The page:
Photos by Tom Serio
Yacht Aid Global uses superyachts and the generosity of the boating community to help heal the Bahamas.
Hurricane Dorian was still spinning like a dreidel of devastation over the Bahamas when the boating community—much of it still in the crosshairs of Dorian themselves—jumped into action to offer aid. Volunteer flotillas began to mobilize, pop-up aid drop-offs were organized and GoFundMe accounts sprung up across the internet. There was confusion and chaos as our community came to grips with the devastation in the islands and how best to help.
For the team at Yacht Aid Global (YAG), a disaster relief and humanitarian aid organization, the path forward was clear. Established in 2006, YAG understood the value of using superyachts as emergency response vehicles in hard-to-reach locales. As self-sustaining ships, they would not be a burden on a location’s already depleted resources; they also boasted the volume to transport massive quantities of goods and offer shelter.
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“Yachts are resourceful entities that can reach the most remote areas that can sometimes be looked over,” YAG Director Zoran Selakovic told Power & Motoryacht. According to Selakovic, the biggest benefit of bringing a superyacht into an area like The Bahamas is their ability to use onboard watermakers to provide thousands of gallons a day of clean drinking water. “The first yacht to make it to the Abacos (a 155-foot Christensen named Loon) has a de-sal unit aboard that can make 1,000 gallons of water per day that can then be pumped from where the boat is moored to shore.” On shore, the water is stored in such a way that people can come fill containers day and night.
Another benefit of bringing a superyacht to the islands is their onboard satellite communications. In the days after Dorian, thousands took to social media trying desperately to locate and learn the whereabouts of friends and family. Loon and the many other yachts that work with YAG could use their sat comms to let their loved ones stateside know they were alive.
“During [Hurricanes] Irma and Maria we worked with over 100 superyachts from around the world. Yachts came from as far as the Pacific and the Med to help,” said Selakovic. “We’re hoping to get at least 50 superyachts involved [in the Bahamas]. We have two dozen in the works.”
As the first yacht to reach the Bahamas, Loon provided tons of supplies, shelter for emergency responders, created thousands of gallons of water and likely saved countless lives.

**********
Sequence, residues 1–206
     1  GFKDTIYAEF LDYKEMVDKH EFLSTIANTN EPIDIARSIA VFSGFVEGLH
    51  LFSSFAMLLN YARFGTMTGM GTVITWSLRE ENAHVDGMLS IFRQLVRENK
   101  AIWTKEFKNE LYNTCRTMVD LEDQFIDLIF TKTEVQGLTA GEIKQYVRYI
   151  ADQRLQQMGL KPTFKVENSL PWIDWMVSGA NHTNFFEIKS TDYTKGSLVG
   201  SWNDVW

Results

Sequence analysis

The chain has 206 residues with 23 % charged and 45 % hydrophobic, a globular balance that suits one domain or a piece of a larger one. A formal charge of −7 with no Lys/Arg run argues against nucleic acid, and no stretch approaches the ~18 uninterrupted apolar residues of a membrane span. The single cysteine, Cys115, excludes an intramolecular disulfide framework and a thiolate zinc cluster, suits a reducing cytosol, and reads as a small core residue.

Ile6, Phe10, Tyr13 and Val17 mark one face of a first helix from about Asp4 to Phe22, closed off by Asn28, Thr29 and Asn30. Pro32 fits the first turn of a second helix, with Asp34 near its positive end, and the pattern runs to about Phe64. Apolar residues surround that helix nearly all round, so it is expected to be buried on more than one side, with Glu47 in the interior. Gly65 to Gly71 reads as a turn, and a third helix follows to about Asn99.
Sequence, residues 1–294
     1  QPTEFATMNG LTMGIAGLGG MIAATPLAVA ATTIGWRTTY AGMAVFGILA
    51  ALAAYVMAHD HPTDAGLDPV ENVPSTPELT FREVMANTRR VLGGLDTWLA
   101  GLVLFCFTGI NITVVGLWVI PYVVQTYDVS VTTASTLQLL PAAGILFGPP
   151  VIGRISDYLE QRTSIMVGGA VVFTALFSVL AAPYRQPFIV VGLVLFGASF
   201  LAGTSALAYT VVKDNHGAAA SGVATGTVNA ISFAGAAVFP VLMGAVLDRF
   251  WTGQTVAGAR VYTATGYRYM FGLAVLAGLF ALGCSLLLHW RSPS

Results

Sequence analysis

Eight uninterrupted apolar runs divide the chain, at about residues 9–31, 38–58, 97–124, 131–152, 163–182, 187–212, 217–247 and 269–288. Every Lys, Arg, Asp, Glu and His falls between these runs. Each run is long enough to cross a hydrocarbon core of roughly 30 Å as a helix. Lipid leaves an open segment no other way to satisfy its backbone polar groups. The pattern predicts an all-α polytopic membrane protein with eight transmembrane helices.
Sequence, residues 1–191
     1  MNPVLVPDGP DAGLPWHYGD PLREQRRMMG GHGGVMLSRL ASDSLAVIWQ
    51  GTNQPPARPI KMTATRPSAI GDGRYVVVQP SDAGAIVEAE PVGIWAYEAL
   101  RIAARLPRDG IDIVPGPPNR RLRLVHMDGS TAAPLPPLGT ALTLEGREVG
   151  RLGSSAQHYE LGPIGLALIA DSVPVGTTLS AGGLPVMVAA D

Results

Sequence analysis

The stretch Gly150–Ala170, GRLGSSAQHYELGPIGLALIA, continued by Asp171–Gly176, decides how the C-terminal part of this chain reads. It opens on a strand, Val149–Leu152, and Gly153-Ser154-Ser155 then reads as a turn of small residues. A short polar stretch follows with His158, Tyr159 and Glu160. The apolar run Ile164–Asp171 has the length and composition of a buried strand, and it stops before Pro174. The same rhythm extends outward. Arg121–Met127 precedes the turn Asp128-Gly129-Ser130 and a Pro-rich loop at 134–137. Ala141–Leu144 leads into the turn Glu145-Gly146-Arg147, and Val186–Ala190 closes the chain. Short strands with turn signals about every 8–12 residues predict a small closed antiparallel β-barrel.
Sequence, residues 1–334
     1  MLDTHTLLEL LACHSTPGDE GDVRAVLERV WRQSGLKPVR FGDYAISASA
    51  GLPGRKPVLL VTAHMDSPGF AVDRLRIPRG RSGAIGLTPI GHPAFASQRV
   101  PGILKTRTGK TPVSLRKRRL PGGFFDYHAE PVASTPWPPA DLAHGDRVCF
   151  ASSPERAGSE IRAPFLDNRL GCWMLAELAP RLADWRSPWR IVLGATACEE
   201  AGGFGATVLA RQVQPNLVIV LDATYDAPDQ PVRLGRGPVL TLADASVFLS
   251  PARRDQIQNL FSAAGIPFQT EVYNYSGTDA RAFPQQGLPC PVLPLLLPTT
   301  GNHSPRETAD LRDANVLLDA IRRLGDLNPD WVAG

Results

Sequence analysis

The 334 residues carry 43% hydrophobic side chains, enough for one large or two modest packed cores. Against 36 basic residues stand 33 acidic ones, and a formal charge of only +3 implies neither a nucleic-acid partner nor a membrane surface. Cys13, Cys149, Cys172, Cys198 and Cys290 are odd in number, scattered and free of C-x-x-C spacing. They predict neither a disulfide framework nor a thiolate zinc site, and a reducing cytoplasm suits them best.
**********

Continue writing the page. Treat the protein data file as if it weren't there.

“It’s just absolute and total devastation. Everything is flattened,” said Loon’s captain Paul Clarke of the state of the Abacos. “It’s just horrible. We had 10 crew working nonstop. We were doing 200 to 300 miles a day in our tender, running to different islands with a medic and delivering aid.”
Working with YAG, the crew of the 240-foot Delta Marine-built Laurel arrived not long after Loon to drop off nearly another 30 tons of supplies; they would not return empty handed. Armed with kennels and veterinary supplies, they welcomed aboard 50 displaced dogs whose owners were either missing or needed to be evacuated.
Before disembarking to the Bahamas, Capt. Roy Hodges rallied his crew by telling them: “Most of your career will be protecting an asset for a wealthy owner. This is different. This is giving aid to people who desperately need it. This is also saving a lot of animals that deserve to be saved. I just want to say thank you to everybody for being enthusiastic about it. And if we go a little bit beyond our comfort zone, know that you’re doing it for a good cause.”
Looking at the current state of the Bahamas, the rising death toll and the mountain of adversity facing the islands, it’s easy to become overwhelmed. YAG seems to understand that with planning and perseverance, even the biggest of buckets can be filled a drop at a time and that even a single drop can have a ripple affect for good.
Editor’s Note: Like many of you, the AIM Marine Group has been watching the destruction in the Bahamas with heavy hearts. Seeing the place where so many of us have made memories with our families and friends suffer has spurred us into action. After lengthy conversations with first responders, the Coast Guard and other humanitarian relief organizations, we have decided to make a donation to Hope 4 Hope Town (gofundme.com/f/Hope4HopeTown).
Contrary to what the name implies, proceeds from this organization will reach not just Hope Town but all throughout the Abaco Islands. We hope you will join us in standing with The Bahamas and supporting the recovery effort. The Bahamas have given so much to the boating community, and now is the time to give back. We are also supporting Bahamas Red Cross (bahamasredcross.org)and Third Wave Volunteers (thirdwavevolunteers.com).